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Wednesday, May 13, 2009

First We Take Out All The Pinball Machines


One whale of a website here, chronicling Logan County and Lincoln Illinois History, with an extensive section on gaming and the peculiar nature of enforcement in the sporting life, this circa 1950

In May of 1950 Governor Adlai Stevenson began to order the Illinois State Police to raid businesses throughout Illinois in order to confiscate illegal gambling devices. Stevenson had been elected Governor by a landslide because of his campaign promise to reform government. Once elected, he was pressured to move against illegal gambling and the corruption associated with it. Caught in a dilemma, the Governor experienced a heart-felt need to crack down on gambling (and the need to fulfill campaign promises), but attempted to do so in a way that would not create political backlash--gambling devices added to the bottom line of many small businesses because countless citizens patronized the various gambling devices (slots, pinballs, punchboards, and fishbowls, for example). Stevenson would have preferred local authorities to enforce anti-gambling laws, and he would have preferred enforcing them in private clubs as well as in "the corner tavern." On October 11, 1950, Stevenson ordered the Illinois State Police to conduct extensive gambling raids in many taverns, restaurants, and other businesses in Logan County and Lincoln, the county seat--but not the private clubs, for example: the Moose, the Eagles, the American Legion, the V.F.W., and the Elks. The State Police raid Lincoln, Logan County, and other sites in Macon County on October 11, 1950, was the fifth in a series throughout Illinois. The raids in Lincoln touched off legal proceedings against the owners of the gambling machines--especially one-ball pinball machines--and those who offered these machines in their places of business. These 1950 State Police raids in Lincoln and Logan County sparked legal drama that ensnared state, county, and city police; lawyers; an assistant attorney general of Illinois; circuit and county judges; businessmen; ministers; mayors; city council members; county board members; a city attorney; and many private citizens. The controversial civil trial of the state vs. the pinball machines continued into 1951, giving rise to additional proceedings aimed at controlling amusement devices and eliminating corruption. The legal proceedings stemming from the 1950 State Police raid also inspired a controversial "Good Government" movement in the early to mid 1950s. In 1954, the local Good Government Council provided information that led to charges of corruption against a local justice of the peace. After his acquittal, this justice of the peace retaliated by suing his accusers for $900,000.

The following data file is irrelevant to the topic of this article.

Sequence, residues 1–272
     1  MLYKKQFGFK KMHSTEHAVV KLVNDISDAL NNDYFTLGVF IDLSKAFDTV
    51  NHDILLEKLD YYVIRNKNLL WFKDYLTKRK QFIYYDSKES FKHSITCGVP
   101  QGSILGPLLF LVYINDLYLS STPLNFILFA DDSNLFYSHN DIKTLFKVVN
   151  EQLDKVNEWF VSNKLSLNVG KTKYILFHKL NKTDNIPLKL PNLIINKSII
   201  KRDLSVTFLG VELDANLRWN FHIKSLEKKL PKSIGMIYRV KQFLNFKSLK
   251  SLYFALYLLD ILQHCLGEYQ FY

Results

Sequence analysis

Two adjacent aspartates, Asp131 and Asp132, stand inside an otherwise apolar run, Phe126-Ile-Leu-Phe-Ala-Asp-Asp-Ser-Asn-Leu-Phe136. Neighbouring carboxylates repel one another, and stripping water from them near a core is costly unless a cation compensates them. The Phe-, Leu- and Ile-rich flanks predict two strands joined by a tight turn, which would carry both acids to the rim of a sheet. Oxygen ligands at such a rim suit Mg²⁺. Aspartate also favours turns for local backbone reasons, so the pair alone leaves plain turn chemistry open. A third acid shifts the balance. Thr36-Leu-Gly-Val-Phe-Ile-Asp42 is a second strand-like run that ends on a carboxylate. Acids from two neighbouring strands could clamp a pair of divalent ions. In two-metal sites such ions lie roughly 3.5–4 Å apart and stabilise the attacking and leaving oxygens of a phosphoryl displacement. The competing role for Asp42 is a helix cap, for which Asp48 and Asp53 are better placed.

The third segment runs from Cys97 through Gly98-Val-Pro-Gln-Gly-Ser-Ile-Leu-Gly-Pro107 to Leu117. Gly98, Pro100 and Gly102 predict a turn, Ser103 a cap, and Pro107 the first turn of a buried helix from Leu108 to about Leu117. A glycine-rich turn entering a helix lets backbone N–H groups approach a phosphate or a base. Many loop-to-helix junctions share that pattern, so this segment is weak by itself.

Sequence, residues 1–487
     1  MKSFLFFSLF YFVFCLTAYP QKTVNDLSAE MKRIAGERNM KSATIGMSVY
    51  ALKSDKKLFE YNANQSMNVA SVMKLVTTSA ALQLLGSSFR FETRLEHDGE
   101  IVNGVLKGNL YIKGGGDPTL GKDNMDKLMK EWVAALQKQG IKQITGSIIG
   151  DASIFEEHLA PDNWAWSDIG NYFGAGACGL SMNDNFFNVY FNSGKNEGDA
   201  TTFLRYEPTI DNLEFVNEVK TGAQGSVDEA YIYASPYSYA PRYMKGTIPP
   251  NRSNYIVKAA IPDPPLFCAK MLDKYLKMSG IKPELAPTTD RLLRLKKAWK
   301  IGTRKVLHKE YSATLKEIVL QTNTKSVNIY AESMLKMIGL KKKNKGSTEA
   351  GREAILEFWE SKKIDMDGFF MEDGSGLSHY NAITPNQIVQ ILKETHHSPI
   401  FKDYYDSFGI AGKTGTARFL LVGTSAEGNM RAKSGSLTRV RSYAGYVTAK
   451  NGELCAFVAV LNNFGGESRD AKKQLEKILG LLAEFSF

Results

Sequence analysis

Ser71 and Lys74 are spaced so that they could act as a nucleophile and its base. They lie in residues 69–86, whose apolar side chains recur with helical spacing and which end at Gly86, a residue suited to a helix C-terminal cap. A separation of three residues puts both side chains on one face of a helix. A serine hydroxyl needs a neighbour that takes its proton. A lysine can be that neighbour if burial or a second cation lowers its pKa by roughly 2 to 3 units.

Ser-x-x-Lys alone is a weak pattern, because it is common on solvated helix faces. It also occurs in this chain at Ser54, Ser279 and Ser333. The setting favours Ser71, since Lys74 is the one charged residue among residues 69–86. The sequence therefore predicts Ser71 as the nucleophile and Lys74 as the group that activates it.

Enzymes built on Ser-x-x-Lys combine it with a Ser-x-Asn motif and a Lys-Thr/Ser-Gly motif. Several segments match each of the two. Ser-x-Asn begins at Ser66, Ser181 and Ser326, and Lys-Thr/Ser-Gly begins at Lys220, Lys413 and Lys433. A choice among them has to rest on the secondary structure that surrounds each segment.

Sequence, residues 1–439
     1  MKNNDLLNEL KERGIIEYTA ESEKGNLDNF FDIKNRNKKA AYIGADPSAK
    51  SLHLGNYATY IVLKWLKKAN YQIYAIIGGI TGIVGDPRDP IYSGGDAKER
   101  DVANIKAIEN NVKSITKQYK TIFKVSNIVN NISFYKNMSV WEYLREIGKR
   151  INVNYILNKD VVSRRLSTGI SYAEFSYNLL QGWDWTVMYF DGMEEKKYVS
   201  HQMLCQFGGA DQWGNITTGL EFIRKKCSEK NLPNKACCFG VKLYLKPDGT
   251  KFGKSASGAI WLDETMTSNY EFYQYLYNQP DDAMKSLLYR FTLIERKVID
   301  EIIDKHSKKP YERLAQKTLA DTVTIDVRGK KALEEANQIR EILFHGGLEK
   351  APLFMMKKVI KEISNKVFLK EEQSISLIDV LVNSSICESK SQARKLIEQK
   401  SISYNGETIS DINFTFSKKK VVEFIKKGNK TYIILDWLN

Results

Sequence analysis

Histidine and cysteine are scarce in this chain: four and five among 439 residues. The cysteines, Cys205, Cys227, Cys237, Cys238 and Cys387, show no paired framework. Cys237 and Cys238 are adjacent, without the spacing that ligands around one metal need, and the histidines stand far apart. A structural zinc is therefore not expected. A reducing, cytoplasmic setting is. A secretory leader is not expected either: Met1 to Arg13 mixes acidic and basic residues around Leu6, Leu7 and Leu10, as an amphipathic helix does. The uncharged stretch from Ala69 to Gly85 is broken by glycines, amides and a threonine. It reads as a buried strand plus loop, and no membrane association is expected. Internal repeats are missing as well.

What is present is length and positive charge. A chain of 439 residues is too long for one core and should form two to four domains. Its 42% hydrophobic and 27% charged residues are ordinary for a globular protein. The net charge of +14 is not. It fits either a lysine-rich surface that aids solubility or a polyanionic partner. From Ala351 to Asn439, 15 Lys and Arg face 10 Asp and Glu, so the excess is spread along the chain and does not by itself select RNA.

which lead to the formation of the Lincoln Pinball Operators Association
Mr. Trapp had been hired by nine members of the Lincoln Pinball Operators Association--the owners of the confiscated gambling devices--to defend the owners against the state's petition to destroy the devices as illegal gambling equipment. In court, Mr. Trapp came out swinging--he filed a motion to dismiss the state's petition based on the argument that the devices were taken by "unlawful search and seizure." Trapp's motion to dismiss was also based on the argument that the state's petition failed to show that the machines were used for gambling.

All good clean fun! 76 pinball machines were seized in Lincoln during these raids. Of course this was before home video games took hold in Logan County. Here's a shot of the website keeper, none other than Fred Blanford, Sr., of the illustrious Blanfords of Logan County, well known to many a Wildcat, (most likely a relative of Fred Blanford, a mid-1980's Illini)

10 comments:

Anonymous said...

76 pinball machines is a lot for one pinball seizure in Lincoln. Hope the Gov Quinn has no plans for Wii seizures as it could throw a wrench into this economic recovery. Kudos to Mr. Blanford for being on the case. Yes FJB was a top character in U/C in the 80's. bbd

sempleman said...
This comment has been removed by the author.
sempleman said...

Actually, the website was created and is maintained by another Lincolnite, Darold Leigh Henson, Ph.D. Professor Emeritus of English at Missouri State University. It is quite a remarkable site!

Anonymous said...

The machines were all for "entertainment purposes only", right?

Ask EEP about the gaming we witnessed in Hog City one night.

By the way, we have "charity bingo" in Alabama. Don't ask.

BEP

EEP said...

BEP and I witnessed what might be described as "Wet and Wild" Joker Poker. Whole new angle. Whole new challenge.

Anonymous said...

EEP, would you consider that player to have been dedicated?

BEP

EEP said...

Most definitely. In a zone and could not be stopped. By anything.

Anonymous said...

Stop the presses: I hear the famous purple house has been resided and that it is no longer purple.

Hay carumba!

BEP

D. Leigh Henson said...

Thanks, Sempleman, for identifying me as the author-publisher of the Web page about gambling. I dedicated that page to Fred Blanford because he inspired me and gave me much info about that gambling history (as well as other info used in my community history Web site of Lincoln, IL). Sadly, he passed away in the fall of 2008. I dearly miss him for the info he always shared and for his wit and wisdom.

Fred said...

Yes I am an alum of the tribe of Illini from the late 80's. I can recall many stories of dad playing pinball and slots when he was a tyke. More than half a century later and our government is no less corrupt or more effecteve. They just have their hands deeper into our collective pockets. Thanks Leigh for forwarding this url.

Fred the younger

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